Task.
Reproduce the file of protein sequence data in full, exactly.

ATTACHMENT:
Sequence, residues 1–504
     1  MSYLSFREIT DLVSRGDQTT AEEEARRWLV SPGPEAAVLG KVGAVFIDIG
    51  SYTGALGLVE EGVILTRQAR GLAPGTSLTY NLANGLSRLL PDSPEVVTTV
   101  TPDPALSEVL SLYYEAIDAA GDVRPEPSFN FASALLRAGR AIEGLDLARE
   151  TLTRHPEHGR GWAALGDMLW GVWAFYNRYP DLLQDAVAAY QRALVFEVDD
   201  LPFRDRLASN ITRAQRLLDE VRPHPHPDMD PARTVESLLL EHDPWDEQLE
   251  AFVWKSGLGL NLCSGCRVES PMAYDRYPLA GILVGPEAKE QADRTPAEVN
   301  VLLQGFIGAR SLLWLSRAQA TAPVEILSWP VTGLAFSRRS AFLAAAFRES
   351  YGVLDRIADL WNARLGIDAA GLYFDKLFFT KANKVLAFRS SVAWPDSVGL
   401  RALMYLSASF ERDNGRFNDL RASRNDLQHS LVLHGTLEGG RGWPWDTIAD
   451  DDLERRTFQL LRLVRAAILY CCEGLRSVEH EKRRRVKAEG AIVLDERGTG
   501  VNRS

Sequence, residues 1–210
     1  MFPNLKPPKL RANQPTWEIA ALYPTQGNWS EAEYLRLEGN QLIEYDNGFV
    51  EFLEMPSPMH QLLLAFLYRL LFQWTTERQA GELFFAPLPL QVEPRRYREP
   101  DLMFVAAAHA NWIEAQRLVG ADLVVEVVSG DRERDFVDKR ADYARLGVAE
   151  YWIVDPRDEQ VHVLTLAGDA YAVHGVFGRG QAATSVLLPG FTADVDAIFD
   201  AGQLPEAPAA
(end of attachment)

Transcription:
Sequence, residues 1–504
     1  MSYLSFREIT DLVSRGDQTT AEEEARRWLV SPGPEAAVLG KVGAVFIDIG
    51  SYTGALGLVE EGVILTRQAR GLAPGTSLTY NLANGLSRLL PDSPEVVTTV
   101  TPDPALSEVL SLYYEAIDAA GDVRPEPSFN FASALLRAGR AIEGLDLARE
   151  TLTRHPEHGR GWAALGDMLW GVWAFYNRYP DLLQDAVAAY QRALVFEVDD
   201  LPFRDRLASN ITRAQRLLDE VRPHPHPDMD PARTVESLLL EHDPWDEQLE
   251  AFVWKSGLGL NLCSGCRVES PMAYDRYPLA GILVGPEAKE QADRTPAEVN
   301  VLLQGFIGAR SLLWLSRAQA TAPVEILSWP VTGLAFSRRS AFLAAAFRES
   351  YGVLDRIADL WNARLGIDAA GLYFDKLFFT KANKVLAFRS SVAWPDSVGL
   401  RALMYLSASF ERDNGRFNDL RASRNDLQHS LVLHGTLEGG RGWPWDTIAD
   451  DDLERRTFQL LRLVRAAILY CCEGLRSVEH EKRRRVKAEG AIVLDERGTG
   501  VNRS

Sequence, residues 1–210
     1  MFPNLKPPKL RANQPTWEIA ALYPTQGNWS EAEYLRLEGN QLIEYDNGFV
    51  EFLEMPSPMH QLLLAFLYRL LFQWTTERQA GELFFAPLPL QVEPRRYREP
   101  DLMFVAAAHA NWIEAQRLVG ADLVVEVVSG DRERDFVDKR ADYARLGVAE
   151  YWIVDPRDEQ VHVLTLAGDA YAVHGVFGRG QAATSVLLPG FTADVDAIFD
   201  AGQLPEAPAA